Thursday, September 26, 2013

The System of Human Knowledge

            Recall from my last post that I examined the authors’ preface but stopped before I arrived at the method Diderot and d’Alembert used to organized the topics to be included in L’Encyclopédie. I wanted to reserve an entire post (and another corresponding post following this one) for this subject because I find it to be very important and quite fascinating.
Knowledge is divided into three categories: “memoire,” “raison,” and “imagination.” The related disciplines within each subtopic are discussed at length in the Preface, and each is summarized in the “Explication détaillée du système des connaissances humaines” (Detailed explanation of the system of human knowledge). As the title indicates, this section explores human knowledge and how its branches are both distinct and interrelated.
Memoire, or memory, is associated with history, which is further divided into religious history, societal history, and natural history. This section is particularly important because in addition to covering the natural sciences, it encompasses man’s “productions in the arts, trades, and manufactures.” As I will discuss later, the explanation of arts and trades is a primary focus for Diderot and d’Alembert in this project.
Raison, or reason, is what the authors call philosophy, and it is split into the science of God, the science of man, and the science of nature. While the authors state that philosophy is synonymous with science, it is not “science” in the same connotation most commonly used today. Rather, it is intended to be thought of as “a science of reflection,” a science of reasoning.
Imagination, which is a cognate (means the same thing in French and in English), refers to poetry, or “that which is fiction”: narrative, dramatic, or parabolic. Diderot and d’Alembert describe poetry as “an imitation of historical beings.” Poetry is also related to the arts of architecture, music, sculpture, and engraving, because the masters of all of these arts “imitate and counterfeit nature.”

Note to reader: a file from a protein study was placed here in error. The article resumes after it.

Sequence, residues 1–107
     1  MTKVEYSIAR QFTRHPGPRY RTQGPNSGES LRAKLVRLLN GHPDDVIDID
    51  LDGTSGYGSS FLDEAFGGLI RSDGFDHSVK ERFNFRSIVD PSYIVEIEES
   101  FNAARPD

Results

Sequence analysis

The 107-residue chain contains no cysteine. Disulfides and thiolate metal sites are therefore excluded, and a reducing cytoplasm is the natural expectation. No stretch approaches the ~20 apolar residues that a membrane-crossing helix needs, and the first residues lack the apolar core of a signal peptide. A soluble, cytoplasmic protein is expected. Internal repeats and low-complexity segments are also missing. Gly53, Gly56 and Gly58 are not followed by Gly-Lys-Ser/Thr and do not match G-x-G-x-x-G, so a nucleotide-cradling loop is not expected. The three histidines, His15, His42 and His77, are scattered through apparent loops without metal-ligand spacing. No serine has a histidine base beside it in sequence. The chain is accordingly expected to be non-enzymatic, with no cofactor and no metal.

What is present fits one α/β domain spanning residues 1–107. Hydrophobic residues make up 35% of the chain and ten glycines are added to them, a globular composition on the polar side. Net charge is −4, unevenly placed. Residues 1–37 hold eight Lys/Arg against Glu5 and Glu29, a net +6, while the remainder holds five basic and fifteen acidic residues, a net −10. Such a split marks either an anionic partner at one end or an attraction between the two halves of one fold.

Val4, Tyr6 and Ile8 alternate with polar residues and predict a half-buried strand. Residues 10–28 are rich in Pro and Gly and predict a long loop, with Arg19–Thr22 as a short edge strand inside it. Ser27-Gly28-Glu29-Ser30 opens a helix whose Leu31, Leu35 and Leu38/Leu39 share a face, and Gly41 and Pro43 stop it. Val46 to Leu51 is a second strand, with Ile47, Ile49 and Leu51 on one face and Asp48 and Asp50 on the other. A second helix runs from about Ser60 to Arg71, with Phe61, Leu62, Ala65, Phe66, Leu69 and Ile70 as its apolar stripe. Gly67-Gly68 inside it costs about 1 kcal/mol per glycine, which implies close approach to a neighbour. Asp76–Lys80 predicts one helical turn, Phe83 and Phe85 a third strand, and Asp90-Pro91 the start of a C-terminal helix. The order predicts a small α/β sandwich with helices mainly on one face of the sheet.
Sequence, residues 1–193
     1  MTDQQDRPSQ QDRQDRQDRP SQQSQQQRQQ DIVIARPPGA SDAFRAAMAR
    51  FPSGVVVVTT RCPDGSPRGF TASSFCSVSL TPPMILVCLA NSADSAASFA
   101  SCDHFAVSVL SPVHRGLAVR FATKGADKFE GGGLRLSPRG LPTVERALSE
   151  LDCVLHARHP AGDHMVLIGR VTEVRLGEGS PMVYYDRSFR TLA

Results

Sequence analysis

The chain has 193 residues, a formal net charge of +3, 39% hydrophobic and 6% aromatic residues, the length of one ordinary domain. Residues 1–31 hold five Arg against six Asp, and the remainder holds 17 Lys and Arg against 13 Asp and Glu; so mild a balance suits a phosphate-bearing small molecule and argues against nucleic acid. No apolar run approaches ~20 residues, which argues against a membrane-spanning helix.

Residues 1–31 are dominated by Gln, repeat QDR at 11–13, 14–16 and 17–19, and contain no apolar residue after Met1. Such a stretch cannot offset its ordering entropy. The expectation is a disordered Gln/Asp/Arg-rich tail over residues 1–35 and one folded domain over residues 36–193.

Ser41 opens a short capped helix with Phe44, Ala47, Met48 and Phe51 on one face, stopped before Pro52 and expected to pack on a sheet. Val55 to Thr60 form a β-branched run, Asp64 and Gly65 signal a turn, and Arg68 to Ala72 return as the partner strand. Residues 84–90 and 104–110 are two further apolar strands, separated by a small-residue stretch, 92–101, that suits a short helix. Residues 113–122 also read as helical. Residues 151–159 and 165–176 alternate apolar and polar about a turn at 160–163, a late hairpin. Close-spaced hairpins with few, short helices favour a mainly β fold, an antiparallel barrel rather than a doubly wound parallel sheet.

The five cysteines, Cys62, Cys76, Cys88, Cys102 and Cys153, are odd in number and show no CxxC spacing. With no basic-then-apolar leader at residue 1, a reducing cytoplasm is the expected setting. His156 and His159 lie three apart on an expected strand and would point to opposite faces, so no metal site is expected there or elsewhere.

In the section that follows, Diderot and d’Alembert address the fact that their division of the system of human knowledge was inspired by Chancellor Bacon’s work. They explain, however, that the philosophical branch is completely their own, as it was not included in Bacon’s work. According to the authors of L’Encyclopédie, Bacon originally applied his divisions to theology as well but later discarded this idea because it “appeared to be more ingenious than solid” (page li).
Including Bacon’s theories in the Encyclopedia, I believe, serves two main purposes. First, it further qualifies the project by showing that the concept is not completely unprecedented but is still providing an addition to the realm of knowledge. Second, it is not unreasonable to imagine that having the name of a distinguished academic and scientist tied to one’s work would be appealing both to readers and to the esteem of the authors.
Something I’m finding to be puzzling is the length of the last category, poetry (imagination). Even at the time of L’Encyclopédie’s publication, writing and literature and poetry were well-established traditions worldwide. It seems strange to me that this section is not longer because literature is such a vast field; so much could be included.
According to The European Graduate School, while Diderot included the faculties of history and poetry in the work, “the focus of [L’Encyclopédie] was to explicate varying technologies as to make them understood by anyone” (EuropeanGraduate School, Denis Diderot). It was intended to investigate the world of manufacturing, something that had yet to be accomplished. A great deal of this focus on manufacturing and the mechanical arts can be seen in the supplemental plate volumes, in which drawings and engravings are included. This explains why reason and the mechanical arts are the most thoroughly “worked-out” both in the map of human knowledge and are most extensively covered throughout the work. While this rationalization does shed some light on my confusion, I’m not quite satisfied and still do not understand why poetry is so much less extensive than the history and philosophy sections. I hope to find more clarification about this as I continue my research; if anyone knows the answer, let me know!
In my next post, I will explore the map of the system of human knowledge that accompanies the written explanation of the system.

À bientôt,

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